More specifically, the paper should be divided into two parts. PART I ( 7-10 pages) contains the basics of your leadership guide from an analysis of your course learning and of your individual leadership. The course has provided a theoretical framework for thinking broadly about leadership and its components that you can draw-upon to describe your leadership understandings, critical reminders, and philosophy and to explore how all that translates into a leadership approach and practices. The course has provided opportunities in the large group and in your project group for you to see yourself in action as a leader. To supplement learning from that and to ground your self-perceptions in data on how others see your leadership, you are required to collect 360 degree feedback from 5-7 other people at different levels (i.e., Aboss,@ subordinate, peer) who know you well. These might include colleagues, present or former managers, direct reports, family members, classmates, project team members, coaches, and so on. Attach to the paper the names of all whom you have interviewed; their relationship to you; the format for the interview (i.e., in person, by phone, by email); and the questions asked. When conducting these interviews, the topics should pertain to your leadership approach and behavior. More specifically, collect examples and stories that illustrate your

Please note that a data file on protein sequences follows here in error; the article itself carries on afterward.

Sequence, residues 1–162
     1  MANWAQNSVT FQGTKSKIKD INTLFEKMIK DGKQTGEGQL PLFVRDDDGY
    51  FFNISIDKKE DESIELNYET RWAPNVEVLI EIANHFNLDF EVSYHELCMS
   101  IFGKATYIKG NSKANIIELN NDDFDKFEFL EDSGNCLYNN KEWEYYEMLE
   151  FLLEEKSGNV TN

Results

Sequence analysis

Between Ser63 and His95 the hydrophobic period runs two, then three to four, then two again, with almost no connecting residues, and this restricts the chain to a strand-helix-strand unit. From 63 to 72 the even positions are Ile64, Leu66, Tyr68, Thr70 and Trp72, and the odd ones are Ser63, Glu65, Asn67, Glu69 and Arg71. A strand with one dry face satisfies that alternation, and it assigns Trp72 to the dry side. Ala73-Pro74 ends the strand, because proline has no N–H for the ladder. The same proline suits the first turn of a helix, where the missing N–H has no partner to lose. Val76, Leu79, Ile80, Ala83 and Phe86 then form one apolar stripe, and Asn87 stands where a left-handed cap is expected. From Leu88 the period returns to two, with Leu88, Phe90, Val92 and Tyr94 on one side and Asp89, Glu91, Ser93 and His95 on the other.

1. overall leadership impact
2. leadership approach and values
3. leadership competencies, core strengths, and areas for development
4. leadership integrity and courage
IMPORTANT: This section of the paper is not a report of the feedback others have given you, although it would make sense for you to summarize what you have learned from others in a chart for a full portrait of what people have said about you. The feedback from others should stretch your knowledge of yourself, test your perceptions of your strengths and areas for development, and be integrated into your analysis throughout the paper.